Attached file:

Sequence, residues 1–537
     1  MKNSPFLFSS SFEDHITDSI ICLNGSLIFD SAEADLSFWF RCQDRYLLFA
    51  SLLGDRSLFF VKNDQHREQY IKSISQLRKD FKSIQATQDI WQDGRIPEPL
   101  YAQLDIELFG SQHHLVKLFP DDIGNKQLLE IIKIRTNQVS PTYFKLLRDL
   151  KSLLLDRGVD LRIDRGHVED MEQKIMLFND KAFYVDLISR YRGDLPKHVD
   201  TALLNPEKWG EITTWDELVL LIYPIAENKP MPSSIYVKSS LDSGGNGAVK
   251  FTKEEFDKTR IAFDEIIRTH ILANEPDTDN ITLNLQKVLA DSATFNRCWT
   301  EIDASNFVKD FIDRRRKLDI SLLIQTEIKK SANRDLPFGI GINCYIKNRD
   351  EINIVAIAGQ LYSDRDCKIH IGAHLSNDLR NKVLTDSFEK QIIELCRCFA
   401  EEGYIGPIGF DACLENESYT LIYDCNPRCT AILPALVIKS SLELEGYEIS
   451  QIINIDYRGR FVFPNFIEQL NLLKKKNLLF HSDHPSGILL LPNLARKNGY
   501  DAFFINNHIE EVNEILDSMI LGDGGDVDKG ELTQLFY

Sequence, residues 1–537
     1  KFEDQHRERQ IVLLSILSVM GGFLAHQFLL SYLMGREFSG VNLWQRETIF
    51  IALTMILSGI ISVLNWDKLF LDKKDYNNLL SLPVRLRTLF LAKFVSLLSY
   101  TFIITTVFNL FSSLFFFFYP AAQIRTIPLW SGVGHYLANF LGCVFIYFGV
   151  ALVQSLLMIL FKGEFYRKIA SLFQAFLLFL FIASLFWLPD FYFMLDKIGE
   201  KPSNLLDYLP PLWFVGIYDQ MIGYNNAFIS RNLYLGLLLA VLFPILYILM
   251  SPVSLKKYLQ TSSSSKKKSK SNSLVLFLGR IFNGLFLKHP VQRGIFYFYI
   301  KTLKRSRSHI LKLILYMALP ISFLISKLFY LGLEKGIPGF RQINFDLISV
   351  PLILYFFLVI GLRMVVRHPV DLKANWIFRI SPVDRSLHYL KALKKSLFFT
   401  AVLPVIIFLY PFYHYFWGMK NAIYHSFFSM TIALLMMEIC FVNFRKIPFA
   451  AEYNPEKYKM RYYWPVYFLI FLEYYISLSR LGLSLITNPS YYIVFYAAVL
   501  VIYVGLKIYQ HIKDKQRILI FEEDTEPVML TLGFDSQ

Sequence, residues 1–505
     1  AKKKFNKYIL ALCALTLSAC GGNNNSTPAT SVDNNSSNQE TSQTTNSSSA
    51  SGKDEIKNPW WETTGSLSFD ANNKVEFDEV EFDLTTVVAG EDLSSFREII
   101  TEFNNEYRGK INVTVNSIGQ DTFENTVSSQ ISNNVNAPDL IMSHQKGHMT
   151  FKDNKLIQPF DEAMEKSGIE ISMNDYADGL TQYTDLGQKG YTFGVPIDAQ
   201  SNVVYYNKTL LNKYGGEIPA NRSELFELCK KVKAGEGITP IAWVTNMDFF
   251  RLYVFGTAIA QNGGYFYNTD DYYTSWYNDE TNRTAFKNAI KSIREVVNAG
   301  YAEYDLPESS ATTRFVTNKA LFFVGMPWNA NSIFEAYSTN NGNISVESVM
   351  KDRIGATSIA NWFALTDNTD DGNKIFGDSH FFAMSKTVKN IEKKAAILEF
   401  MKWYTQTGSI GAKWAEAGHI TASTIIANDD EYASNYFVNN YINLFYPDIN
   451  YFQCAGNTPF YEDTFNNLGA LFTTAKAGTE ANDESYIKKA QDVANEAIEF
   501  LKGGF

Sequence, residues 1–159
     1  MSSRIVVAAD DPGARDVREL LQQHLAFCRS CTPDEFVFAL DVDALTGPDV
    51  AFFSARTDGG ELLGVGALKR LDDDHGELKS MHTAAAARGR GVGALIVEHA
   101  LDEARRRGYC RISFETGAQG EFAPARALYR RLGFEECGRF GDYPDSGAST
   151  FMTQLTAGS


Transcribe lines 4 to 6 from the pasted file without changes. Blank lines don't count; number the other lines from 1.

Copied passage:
   101  YAQLDIELFG SQHHLVKLFP DDIGNKQLLE IIKIRTNQVS PTYFKLLRDL
   151  KSLLLDRGVD LRIDRGHVED MEQKIMLFND KAFYVDLISR YRGDLPKHVD
   201  TALLNPEKWG EITTWDELVL LIYPIAENKP MPSSIYVKSS LDSGGNGAVK